Defense in Depth: A Holistic Approach to Cyber Security

Cyber security is about more than hackers or terrorists, who account for only 10 percent of known IT network incidents. Cyber security is also about making a facility more reliable and reducing network downtime to improve productivity. This look at defense-in-depth cyber security has a special focus on electrical substations, but offers lessons for all industries.

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Keeping both internal and external cyber security threats in mind, it’s important to establish preventative processes for any potential risk that could lead to network downtime. These risks include devices, configurations, internal security policies and employee and contractor training. Recovery strategies for protecting network uptime are also important to consider, as it’s impossible to prevent every risk that threatens the network.

Electrical substations, in particular, present a variety of security challenges. The adoption of new technologies for automation networks and wide area network (WAN) communications between substations has opened these networks up to increased cyber threats, compromising the reliability and safety of substation and grid operations at all levels. Therefore, taking a holistic view of cyber security is the only way to successfully combat against both intentional and unintentional network attacks.

Five Levels of Security

Protecting substations against cyber attacks can’t be a static process. As conditions and threats change shape, systems and policies need to be updated accordingly to avoid major service disruptions and significant financial losses. A holistic approach to cyber security includes five levels:

  1. Preventative Security: Intended to prevent incidents from occurring and reduce the number and type of risks and vulnerabilities. Examples include strong password policies and preventing external USB devices from accessing open ports.
  2. Network Design Security: Minimizes vulnerabilities and isolates them so an attack doesn’t affect other parts of the network. A “zones and conduits” method can help limit the number of connections between network zones, lowering the risk of an attack spreading across the network.
  3. Active Security: Active measures and devices block traffic or operations that aren’t allowed or expected on a network. Examples include encryption, protocol-specific deep packet inspection, Layer 3 firewalls and antivirus use.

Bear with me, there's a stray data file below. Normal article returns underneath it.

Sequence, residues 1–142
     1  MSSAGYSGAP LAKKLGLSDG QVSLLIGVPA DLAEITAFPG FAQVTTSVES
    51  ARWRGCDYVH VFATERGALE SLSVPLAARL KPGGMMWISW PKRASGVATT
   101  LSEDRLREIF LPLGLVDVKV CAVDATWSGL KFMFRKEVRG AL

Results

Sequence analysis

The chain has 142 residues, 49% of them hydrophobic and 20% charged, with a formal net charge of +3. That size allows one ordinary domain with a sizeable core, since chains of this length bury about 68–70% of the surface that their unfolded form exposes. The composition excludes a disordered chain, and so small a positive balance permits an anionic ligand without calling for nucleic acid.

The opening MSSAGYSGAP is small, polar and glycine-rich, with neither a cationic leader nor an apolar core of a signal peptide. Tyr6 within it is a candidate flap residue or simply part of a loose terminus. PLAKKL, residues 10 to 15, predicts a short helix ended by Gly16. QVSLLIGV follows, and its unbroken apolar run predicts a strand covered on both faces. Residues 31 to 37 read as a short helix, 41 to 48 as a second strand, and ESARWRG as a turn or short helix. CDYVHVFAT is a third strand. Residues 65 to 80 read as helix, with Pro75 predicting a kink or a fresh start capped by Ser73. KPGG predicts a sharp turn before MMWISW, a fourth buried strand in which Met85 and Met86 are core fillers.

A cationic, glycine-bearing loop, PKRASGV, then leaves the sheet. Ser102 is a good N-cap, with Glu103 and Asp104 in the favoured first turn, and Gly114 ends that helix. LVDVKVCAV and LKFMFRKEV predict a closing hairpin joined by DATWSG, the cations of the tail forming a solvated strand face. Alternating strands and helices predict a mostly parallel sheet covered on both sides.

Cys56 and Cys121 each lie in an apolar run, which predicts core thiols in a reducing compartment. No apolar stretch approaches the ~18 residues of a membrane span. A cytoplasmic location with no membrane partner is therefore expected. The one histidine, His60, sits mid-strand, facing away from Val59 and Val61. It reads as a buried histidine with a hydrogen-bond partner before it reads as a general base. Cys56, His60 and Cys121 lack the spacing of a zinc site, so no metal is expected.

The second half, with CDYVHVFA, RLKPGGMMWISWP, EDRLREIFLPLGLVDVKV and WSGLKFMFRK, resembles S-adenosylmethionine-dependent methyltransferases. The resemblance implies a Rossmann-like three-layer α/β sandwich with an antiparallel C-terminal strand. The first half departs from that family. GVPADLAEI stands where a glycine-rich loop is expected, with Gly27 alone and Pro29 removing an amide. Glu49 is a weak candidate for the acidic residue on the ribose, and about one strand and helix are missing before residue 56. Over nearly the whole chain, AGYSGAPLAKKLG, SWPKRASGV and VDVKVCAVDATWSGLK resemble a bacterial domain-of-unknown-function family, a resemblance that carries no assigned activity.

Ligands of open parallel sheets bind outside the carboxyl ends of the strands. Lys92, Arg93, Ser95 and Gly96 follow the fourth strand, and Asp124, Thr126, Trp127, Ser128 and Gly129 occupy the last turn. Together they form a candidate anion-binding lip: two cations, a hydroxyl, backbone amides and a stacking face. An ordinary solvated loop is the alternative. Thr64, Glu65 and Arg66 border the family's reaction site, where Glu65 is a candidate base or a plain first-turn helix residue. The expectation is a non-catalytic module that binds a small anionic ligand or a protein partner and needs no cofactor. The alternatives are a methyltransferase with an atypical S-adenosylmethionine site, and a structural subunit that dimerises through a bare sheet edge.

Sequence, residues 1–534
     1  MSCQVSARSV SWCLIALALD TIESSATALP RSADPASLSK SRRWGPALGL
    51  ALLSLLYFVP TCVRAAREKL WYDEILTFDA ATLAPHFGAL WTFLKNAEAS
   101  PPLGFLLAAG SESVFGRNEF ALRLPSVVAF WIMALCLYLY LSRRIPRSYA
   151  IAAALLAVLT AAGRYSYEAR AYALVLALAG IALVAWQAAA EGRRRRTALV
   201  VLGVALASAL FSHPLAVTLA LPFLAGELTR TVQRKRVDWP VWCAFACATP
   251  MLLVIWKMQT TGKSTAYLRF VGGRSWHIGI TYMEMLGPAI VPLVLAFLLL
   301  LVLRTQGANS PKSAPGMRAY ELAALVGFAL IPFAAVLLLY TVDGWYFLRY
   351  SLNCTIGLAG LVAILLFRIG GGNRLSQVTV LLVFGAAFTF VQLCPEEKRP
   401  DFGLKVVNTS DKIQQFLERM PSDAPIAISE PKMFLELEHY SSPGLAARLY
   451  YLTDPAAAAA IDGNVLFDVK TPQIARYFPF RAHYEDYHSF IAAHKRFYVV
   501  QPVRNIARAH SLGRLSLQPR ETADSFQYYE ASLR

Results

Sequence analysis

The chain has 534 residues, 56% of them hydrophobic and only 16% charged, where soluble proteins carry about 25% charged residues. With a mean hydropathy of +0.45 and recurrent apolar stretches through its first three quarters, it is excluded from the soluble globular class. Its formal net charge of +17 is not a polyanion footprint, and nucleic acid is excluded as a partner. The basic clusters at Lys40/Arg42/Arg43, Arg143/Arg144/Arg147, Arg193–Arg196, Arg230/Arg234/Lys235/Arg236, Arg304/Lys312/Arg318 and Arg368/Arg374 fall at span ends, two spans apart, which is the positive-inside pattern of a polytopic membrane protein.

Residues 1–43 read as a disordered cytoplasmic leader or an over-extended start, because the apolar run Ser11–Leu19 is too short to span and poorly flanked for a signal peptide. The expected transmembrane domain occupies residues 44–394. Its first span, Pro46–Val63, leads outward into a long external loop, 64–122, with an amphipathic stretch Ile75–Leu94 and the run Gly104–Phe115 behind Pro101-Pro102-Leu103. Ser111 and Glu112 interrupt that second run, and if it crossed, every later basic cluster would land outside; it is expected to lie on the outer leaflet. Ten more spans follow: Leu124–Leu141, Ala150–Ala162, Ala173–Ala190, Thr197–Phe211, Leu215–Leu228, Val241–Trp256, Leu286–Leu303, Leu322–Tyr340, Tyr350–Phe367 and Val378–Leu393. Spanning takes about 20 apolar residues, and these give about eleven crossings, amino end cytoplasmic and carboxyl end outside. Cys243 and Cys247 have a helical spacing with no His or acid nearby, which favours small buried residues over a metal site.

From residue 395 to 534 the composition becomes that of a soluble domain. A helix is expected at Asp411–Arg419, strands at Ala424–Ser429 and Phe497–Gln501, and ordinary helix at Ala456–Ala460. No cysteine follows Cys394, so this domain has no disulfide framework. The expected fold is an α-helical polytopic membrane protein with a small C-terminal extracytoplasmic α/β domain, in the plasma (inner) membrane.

4. Detective Security: Identifies an incident in progress or after it occurs by evaluating activity registers and logs, including log file analysis and intrusion detection system monitoring.
  5. Corrective Security: Aims to limit the extent of any damage caused by an incident, such as configuration parameter backup policy, and firewall and antivirus updates.

How to Implement Defense in Depth in a Substation

The electrical grid is an easy target. Single point-of-defense mechanisms are not going to save them. Rather, a carefully constructed security strategy is the most effective and practical solution.

Defense in Depth secures critical infrastructure based on three core concepts:

  1. Multiple layers of defense: If one is bypassed, another layer is able to provide defense.
  2. Differentiated layers of defense: If an attacker finds a way past the first layer, they can’t get past all the subsequent defenses, since each layer is slightly different than the one before it.
  3. Threat-specific layers of defense: Designed for specific risks and vulnerabilities, these solutions defend against a variety of security threats the electric power system is exposed to, such as computer malware, angry employees, denial of service (DoS) attacks and information theft.

Although complete prevention of all attacks and issues is not possible, it’s essential to manage hostile entities or internal errors by quickly detecting, isolating and controlling them, limiting their impact on the other areas of the network. Therefore, it’s important to prioritize, securing mission-critical systems first and avoiding the temptation of a one-size-fits-all solution across the entire IT and supervisory control and data acquisition (SCADA) system.

True Security Requires Diligence

To fully secure the network, precise knowledge of the topology, protocols, and type of traffic involved are essential. Electrical substations evolve over time, often making documentation outdated. Any new device connected to the network should be validated by an administrator and trigger a documentation process review.

Maintenance tasks are also critical, as the threat of cyber attacks means that responsible network administrators should change device passwords regularly, implement upgrades, fix bugs and maintain regular antivirus updates.

Though it may seem daunting to realize that a successful cyber security approach requires vigilance against both accidental and intentional threats, it’s helpful to remember that an entire network can be protected by segmenting the network into smaller virtual local area networks (VLANs) with limited access points. A Defense-in-Depth model creates a comprehensive security mechanism with multiple layers of security protocols to control networks more effectively and ensure failures or breaches result in limited damage.

To learn more about cyber security mechanisms and the Defense-in-Depth approach, view the whitepaper, Cyber Security in Electrical Substations.

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